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Help a first-time antique car buyer with insurance?


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3 minutes ago, TAKerry said:

Im glad its working out for you and sounds like you have a good, intelligent plan of attack.  As has been stated above, rules are there for a reason.  Things are a bit different with younger generations (no offense meant) than probably what a lot of us are used to. You stated that you dont have a daily driver car and that you make out just fine without one. In my day ( Im almost 60) living in the suburbs a car was necessary. We had ride sharing but it was a buddy that had gas in his car. But you, like a lot of your peers have found a way to make do without. I was selling real estate a few years ago and a 25 year old girl was buying her first house. Although she had the money she had no idea what a walk in bank was. Everything to her was done online. Maybe its time for the insurance companies to look at things more on an individual basis than a broad sweep of the pen.

I’m fortunate enough to have settled down in a small town, nothing is more than an hours walk away at most—and despite the inconvenience at times there is something to be said about enjoying a slower more healthy commute! 
 

I would definitely agree about the insurance companies, it was surprising to me that none of the antique car insurance companies ever bothered to hear my situation, it was a yes or no for eligibility in every case, even the small local insurance brokers are underwritten by the big boys. 
 

When I bought my house at just 21 years old, I had the pleasure of dealing with a local bank. They only have three or four branches, but their small size meant that I was able to sit down with the manager and make my case for why they should trust a twenty something with their money. Thanks to the quality of my character and the vouching of folks in the community I got my mortgage, with little to no credit to speak of! As I under stand it this was how things were in the “old days”. Now if only other institutions in America could still function like that there might be a easier way to get a start on living the American dream, rather than locked out to maintain the bottom line.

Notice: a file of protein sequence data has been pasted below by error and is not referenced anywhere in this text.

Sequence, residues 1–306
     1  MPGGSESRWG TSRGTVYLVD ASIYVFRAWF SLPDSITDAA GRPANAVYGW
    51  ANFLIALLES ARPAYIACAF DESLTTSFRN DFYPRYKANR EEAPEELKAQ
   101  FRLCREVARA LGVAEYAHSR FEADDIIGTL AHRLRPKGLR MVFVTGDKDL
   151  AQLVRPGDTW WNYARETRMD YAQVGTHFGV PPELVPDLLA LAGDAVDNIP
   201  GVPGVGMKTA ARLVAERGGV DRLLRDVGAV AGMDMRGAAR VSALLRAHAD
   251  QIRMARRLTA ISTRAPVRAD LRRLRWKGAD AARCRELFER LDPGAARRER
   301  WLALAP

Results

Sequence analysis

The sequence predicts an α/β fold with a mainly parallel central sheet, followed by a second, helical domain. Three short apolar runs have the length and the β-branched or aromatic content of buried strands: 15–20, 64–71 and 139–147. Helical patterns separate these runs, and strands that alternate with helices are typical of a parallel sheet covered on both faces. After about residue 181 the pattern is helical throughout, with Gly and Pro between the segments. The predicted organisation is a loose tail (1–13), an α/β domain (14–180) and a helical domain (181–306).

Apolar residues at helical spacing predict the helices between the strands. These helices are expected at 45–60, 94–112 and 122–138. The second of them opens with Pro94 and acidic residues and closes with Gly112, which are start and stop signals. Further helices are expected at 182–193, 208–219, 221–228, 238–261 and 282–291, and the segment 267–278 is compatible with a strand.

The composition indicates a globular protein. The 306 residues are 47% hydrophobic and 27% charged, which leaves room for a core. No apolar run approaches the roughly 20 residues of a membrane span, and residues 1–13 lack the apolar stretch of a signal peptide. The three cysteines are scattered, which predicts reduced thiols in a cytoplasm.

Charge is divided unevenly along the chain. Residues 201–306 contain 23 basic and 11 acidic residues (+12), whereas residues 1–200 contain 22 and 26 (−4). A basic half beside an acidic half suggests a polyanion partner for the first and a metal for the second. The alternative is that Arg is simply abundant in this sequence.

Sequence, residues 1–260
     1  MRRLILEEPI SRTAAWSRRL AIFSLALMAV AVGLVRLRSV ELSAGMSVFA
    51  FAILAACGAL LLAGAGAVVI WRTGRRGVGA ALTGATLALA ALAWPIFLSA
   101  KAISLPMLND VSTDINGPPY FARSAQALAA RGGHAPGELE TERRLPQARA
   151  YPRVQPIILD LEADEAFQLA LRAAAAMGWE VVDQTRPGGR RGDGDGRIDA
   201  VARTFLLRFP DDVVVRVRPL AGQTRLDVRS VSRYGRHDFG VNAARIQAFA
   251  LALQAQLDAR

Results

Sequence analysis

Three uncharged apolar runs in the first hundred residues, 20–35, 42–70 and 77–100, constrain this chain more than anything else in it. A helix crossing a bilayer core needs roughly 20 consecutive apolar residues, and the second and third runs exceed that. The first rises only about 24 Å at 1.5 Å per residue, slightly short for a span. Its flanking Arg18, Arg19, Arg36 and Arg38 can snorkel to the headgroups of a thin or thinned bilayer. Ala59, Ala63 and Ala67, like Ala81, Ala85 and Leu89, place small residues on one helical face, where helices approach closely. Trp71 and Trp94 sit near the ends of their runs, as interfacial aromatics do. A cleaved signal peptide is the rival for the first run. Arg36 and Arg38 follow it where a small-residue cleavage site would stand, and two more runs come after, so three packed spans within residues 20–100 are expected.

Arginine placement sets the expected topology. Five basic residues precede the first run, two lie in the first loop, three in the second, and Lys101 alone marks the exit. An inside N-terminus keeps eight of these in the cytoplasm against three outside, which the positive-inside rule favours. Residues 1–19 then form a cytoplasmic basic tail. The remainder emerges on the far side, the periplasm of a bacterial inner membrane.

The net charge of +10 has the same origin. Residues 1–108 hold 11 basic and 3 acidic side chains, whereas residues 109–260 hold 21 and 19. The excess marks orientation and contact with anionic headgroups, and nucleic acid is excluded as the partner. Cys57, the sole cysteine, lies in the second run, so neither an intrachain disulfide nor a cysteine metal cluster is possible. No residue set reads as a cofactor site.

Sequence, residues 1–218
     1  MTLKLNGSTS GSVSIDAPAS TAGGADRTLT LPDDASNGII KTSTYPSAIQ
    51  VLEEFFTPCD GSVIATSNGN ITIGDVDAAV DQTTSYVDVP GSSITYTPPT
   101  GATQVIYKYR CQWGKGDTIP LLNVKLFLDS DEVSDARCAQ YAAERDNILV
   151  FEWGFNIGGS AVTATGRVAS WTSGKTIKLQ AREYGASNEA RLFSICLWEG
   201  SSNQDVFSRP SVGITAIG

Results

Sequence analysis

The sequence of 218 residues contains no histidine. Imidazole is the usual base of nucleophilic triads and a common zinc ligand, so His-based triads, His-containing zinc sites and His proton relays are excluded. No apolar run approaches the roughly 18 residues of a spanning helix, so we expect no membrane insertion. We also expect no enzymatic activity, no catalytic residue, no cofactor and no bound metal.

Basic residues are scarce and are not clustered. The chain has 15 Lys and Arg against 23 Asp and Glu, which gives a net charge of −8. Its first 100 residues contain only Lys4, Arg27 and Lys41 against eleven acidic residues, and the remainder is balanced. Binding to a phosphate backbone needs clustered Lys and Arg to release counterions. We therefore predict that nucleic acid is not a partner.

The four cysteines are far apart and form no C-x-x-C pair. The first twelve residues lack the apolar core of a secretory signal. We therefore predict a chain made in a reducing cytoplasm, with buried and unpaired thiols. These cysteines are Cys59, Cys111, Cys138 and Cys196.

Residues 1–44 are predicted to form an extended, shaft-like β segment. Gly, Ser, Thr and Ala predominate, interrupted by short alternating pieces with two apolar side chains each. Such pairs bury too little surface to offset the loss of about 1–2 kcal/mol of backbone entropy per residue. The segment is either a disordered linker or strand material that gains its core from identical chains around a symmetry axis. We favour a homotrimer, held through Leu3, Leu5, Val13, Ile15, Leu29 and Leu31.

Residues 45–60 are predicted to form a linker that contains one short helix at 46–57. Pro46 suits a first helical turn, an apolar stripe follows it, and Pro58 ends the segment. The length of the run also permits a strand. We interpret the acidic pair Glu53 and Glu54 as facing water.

That’s the issue with scale I suppose, but I’m lucky enough to live somewhere with some old fashioned community! 

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I may be wrong, but I think you can only register a car as a regular car, antique or classic, but not more than one. If you register it now as a regular car, you'll pay the standard fees for title, registration and licensing. Later , if you want to change it to antique status, you'll be required to retitle it as antique, which will cost around $100 I think, and apply for an antique plate, which is also around that figure now. I still think, that you'd be further ahead to go the antique route.  Good luck in whatever you decide! Where is McKean county, I'm not familiar with it. I live in the Johnstown area.

Edited by jpage (see edit history)
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It's not an issue of scale, it's the terms and actuarial risk of the policy.  The low cost hobby insurance programs  are not meant to cover daily use and clearly state it, although the definition of "occasional use" varies by company.  When I used an antique as my daily driver I insured it as such. Just get an agreed value.